Monday, February 06, 2006

A few notes

I made the best spinach artichoke dip I've ever had and the Seahawks still lost the Super Bowl.

Sarah got a relatively new G4 iMac from her brother, who got a Mac from his dad, who bought a new Mac. I didn't get a Mac, so I ordered a microphone to record music on the computer. I'll learn GarageBand and make plunky loops with my mandolin.

I'm past the middle of Jonathan Strange & Mr Norrell, a Napoleonic-era alternate history of English magic. The language and point of view are just about perfect. And it's really funny. And it's addictive! I have no clue how it's going to end.

Today I kept half an ear on the start of something very important: the first hearing on the President's secret warrantless domestic wiretap program. Attorney General Gonzales was in the Judiciary Committee arguing that the program is legal. The Bush Administration felt free not to follow the controlling law, FISA, because it was authorized broadly to combat al-Qaeda, or failing that, the President's commander-in-chief powers allow him to violate duly enacted legislation.

To my great relief, most of the Senators on the committee, including all the Democrats and even some Republicans (though not all of them), saw Bush's arguments as ridiculous and untenable. As especially Senator Leahy drove home, this one program, whose existence was leaked to the New York Times, is probably only the tip of an iceberg of broad expansions in domestic surveillance. For several years, the Bush Administration wiretapped people it had no business wiretapping, and it didn't tell anyone, and no one found out; did they abuse the power once they figured they wouldn't be caught?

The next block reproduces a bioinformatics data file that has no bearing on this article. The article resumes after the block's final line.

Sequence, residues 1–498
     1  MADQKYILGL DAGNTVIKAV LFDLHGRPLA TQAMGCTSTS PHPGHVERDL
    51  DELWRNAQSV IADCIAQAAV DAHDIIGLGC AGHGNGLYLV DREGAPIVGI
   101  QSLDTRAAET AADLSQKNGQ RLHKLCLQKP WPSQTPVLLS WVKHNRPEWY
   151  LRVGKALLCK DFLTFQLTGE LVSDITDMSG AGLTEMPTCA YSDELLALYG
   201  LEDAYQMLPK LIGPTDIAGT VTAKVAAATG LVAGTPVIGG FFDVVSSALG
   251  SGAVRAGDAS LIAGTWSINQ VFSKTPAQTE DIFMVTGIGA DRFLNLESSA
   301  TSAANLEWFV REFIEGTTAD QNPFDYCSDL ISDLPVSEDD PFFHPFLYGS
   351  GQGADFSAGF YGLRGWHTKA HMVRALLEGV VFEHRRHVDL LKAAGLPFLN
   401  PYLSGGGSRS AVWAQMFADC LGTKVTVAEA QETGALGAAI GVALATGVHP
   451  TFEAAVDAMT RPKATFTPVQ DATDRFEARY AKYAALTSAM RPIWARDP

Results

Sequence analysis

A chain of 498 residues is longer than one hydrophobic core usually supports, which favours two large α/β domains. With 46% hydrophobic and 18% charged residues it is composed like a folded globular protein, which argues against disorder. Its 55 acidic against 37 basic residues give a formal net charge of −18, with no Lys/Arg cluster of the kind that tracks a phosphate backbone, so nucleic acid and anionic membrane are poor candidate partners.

A deeper issue: the Administration's second argument seems to imply that the President can break any law as long as he determines that it is necessary to do so to combat al-Qaeda. This means that de facto anything is legal as long as no one finds out about it; if Bush keeps it on the down low, he can order his branch of government to do whatever he wants. We shouldn't just be worried about how the President has actually used this power (which is bad enough); we need to be worried about a President who feels like he has a free hand to ignore the law. Access to that kind of power is anti-American. Broad executive power is taking us down an autocratic road, and we should all be disturbed by that.

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